• Senior Level Positions:   Lead procurement team, Manage Budgets, Develop organization’s purchasing policies, Review Supplier Contracts and manage relationships; Maintain knowledge of market, Analyze bids and quotes with potential suppliers, service agreements and contracts; company budget and streamlining costs
    • Mid-level managerial positions:  Identifying potential supplier sources; Managing supplier and vendor contracts; Testing products, Negotiating supply contracts, Creating cost reports; Maintain excellent communication with all business stakeholders, Manage contract development through all lifecycle stages, Provide ongoing assistance to staff on contract development and compliance issues,  Evaluate records for retention in compliance with Board-approved policies
    • Business controller: Analyzing and controlling the development of purchase prices, impact from cost down projects and R&D projects, Monthly reports and KPIs regarding procurement, Forecasting the impact with procurement activities and development in purchase prices
    • Legal counselor: Provide Legal Guidance, Conduct Legal Research, Draft Legal Correspondence, Ensure compliance with the law

    Advocating their Role in Procurement

    Ample opportunity globally and nationally. Role becoming focused and primary.  

    World Bank,  for FY20, lists India as: 

    • Procuring Borrower (1st at 16%)
    • Supplier Country (2nd at 17%)
    • Consulting Services (2nd at 8%) 

    Nationally, India spends 1/3 GDP on public spending.  All Sectors positioning  (PSU’s & Private sector) for procurement officers. Minimum qualification:  BE;  MBA; Law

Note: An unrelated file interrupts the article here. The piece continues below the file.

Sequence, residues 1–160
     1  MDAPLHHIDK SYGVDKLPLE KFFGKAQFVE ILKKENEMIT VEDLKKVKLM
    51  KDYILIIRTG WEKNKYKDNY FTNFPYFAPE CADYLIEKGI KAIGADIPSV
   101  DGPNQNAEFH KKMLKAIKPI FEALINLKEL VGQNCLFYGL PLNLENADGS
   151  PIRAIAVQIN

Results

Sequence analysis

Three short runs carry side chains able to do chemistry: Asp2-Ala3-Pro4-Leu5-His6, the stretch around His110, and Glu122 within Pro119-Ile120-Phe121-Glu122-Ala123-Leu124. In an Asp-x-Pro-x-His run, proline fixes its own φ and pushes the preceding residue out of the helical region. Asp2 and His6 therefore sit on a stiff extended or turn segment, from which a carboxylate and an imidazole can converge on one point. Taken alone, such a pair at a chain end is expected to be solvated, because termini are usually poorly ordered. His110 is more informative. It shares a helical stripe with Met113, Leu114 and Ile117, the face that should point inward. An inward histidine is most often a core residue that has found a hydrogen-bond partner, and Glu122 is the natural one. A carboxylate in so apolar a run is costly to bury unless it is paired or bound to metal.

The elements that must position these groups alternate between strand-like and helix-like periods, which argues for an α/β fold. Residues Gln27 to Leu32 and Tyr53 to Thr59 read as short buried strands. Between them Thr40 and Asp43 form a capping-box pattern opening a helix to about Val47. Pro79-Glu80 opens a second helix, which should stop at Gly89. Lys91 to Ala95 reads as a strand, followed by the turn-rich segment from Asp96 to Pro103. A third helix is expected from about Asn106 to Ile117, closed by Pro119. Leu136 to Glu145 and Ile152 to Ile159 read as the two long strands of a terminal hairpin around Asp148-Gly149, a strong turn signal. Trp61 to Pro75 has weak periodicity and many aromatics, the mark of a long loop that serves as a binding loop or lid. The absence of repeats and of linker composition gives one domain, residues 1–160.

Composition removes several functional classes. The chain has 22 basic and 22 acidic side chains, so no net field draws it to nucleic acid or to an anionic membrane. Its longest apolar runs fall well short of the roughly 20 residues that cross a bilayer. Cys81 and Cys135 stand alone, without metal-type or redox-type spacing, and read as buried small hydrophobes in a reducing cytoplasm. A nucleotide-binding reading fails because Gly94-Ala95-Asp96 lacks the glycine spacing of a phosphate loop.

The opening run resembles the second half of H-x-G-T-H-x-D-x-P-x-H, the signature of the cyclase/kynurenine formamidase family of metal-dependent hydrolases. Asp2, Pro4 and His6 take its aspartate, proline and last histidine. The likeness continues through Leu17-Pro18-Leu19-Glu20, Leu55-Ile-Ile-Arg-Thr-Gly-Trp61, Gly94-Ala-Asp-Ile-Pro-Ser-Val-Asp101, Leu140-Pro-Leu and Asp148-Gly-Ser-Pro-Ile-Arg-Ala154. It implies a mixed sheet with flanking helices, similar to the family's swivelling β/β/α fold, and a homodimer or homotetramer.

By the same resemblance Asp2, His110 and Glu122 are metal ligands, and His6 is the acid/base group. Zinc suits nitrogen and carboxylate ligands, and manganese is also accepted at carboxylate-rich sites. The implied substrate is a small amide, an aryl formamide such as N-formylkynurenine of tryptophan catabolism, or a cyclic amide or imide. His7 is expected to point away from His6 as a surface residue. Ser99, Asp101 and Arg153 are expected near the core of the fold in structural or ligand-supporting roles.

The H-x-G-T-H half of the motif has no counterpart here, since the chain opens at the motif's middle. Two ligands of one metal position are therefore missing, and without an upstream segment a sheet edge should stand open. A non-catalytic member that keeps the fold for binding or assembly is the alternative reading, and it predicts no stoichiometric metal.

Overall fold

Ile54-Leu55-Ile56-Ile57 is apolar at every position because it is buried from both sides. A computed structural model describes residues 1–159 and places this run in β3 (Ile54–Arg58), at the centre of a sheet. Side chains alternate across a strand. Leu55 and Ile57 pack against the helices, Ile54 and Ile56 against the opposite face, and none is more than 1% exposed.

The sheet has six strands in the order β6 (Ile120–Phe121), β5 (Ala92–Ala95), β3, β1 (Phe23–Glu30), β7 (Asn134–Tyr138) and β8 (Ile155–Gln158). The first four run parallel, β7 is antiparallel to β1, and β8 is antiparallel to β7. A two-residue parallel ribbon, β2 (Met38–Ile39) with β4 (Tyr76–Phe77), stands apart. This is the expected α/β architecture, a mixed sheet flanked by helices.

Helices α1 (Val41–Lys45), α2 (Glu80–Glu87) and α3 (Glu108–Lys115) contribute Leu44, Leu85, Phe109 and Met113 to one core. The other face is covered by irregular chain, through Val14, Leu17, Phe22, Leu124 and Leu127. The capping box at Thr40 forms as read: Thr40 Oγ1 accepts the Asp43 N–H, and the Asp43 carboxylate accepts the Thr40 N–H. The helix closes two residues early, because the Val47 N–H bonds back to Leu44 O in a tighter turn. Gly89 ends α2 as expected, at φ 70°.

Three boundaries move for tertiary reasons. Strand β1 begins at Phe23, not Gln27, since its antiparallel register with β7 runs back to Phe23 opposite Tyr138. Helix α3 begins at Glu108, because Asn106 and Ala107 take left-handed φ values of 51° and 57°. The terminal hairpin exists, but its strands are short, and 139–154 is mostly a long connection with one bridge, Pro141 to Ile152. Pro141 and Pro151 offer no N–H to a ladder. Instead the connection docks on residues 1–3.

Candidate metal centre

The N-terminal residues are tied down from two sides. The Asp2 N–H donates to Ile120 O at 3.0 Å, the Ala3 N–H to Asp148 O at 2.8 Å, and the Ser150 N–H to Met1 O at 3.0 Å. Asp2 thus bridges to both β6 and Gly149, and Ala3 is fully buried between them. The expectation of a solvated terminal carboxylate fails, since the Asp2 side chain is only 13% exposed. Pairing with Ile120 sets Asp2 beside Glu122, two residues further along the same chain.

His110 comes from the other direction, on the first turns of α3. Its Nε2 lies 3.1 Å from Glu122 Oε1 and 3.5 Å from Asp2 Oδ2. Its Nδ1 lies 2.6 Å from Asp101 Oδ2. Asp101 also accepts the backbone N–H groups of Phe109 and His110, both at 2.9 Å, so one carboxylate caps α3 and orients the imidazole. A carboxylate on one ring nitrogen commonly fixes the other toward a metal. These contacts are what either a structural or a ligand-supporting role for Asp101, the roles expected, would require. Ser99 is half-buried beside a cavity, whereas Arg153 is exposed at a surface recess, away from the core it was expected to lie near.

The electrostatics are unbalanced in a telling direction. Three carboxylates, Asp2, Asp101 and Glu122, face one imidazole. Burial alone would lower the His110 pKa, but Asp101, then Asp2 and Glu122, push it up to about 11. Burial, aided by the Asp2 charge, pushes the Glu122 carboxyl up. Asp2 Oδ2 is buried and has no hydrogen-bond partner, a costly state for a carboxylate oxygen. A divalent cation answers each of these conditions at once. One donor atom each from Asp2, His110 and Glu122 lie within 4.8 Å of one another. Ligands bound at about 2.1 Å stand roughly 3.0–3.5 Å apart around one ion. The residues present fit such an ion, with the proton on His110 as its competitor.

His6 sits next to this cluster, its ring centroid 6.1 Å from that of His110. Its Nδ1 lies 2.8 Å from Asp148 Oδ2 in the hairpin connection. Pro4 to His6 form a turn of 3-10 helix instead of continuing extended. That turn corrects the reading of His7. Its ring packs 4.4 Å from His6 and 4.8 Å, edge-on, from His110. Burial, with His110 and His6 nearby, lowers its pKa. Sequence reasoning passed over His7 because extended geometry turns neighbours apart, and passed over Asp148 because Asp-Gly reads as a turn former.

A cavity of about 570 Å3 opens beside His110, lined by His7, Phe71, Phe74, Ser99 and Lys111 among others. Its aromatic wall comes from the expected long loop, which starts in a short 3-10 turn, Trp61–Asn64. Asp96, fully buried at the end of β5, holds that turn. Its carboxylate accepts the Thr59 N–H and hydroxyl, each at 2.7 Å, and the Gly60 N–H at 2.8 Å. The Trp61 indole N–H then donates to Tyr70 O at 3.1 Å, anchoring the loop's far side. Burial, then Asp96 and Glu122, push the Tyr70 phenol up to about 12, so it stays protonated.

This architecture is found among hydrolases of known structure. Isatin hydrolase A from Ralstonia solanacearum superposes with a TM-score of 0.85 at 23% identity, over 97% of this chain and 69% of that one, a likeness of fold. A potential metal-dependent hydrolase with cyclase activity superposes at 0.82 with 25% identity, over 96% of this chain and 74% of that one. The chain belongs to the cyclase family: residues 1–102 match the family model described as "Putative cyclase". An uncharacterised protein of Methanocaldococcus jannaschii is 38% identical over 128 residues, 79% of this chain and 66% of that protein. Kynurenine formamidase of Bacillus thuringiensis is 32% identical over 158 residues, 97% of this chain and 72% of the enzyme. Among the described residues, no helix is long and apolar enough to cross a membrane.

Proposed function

Spotlight – my achievements in this Field

    • My previous employer provided ample opportunities. As a team member nearly 500 contracts were closed with laurels. It helped me acquire knowledge – of legal, trade-related protocols,  products specific, and negotiations.  The domain expanded every year. Through the organization was a committee member for the 2012 Procurement Bill.
    • Now as practitioner-turned-academician, teach electives specific to purchasing and supply domains – in India and North America.  Run vendor-related simulations for MNCs,  Provide consultancy to FOBs and SMEs. 
    • Have published several academic publications on supplier selection and presented at international conferences. Researching on the improvement of female representation in the procurement domain, and through the auspices of the skill council (MHRD) advocating the adoption of purchase and procurement subjects in various institutes.

    Mantra for women to join the ‘Procurement Domain’ as a career

    Your essential qualities:

    • Passion
    • Attitude
    • Willingness
    • Drive
    • Focus

    Your important skills:

    • Prioritize
    • Be responsive to the needs of different agencies
    • Practice active listening
    • Be objective

    Indicative References

    Burjek and Rafter, 2017.The Awesome Influence of Women in HR, Workforce, 〈www.workforce.com〉

    Krawiec, A. E. (2016). Socio-economic implications of female inclusion in organizational structures and in leadership positions. International Journal of Management and Economics, 49(1), 106-134. 

    Kraljic, P. (1983). HBR. Harvard business review.

    Medland, 2016  UK Picks Up Baton on Female Representation While Boardrooms Struggle with Change’, Forbes, 8 February

    Office of National Statistics, 2018

    Procurement Leaders, 2018

    World Bank, 2022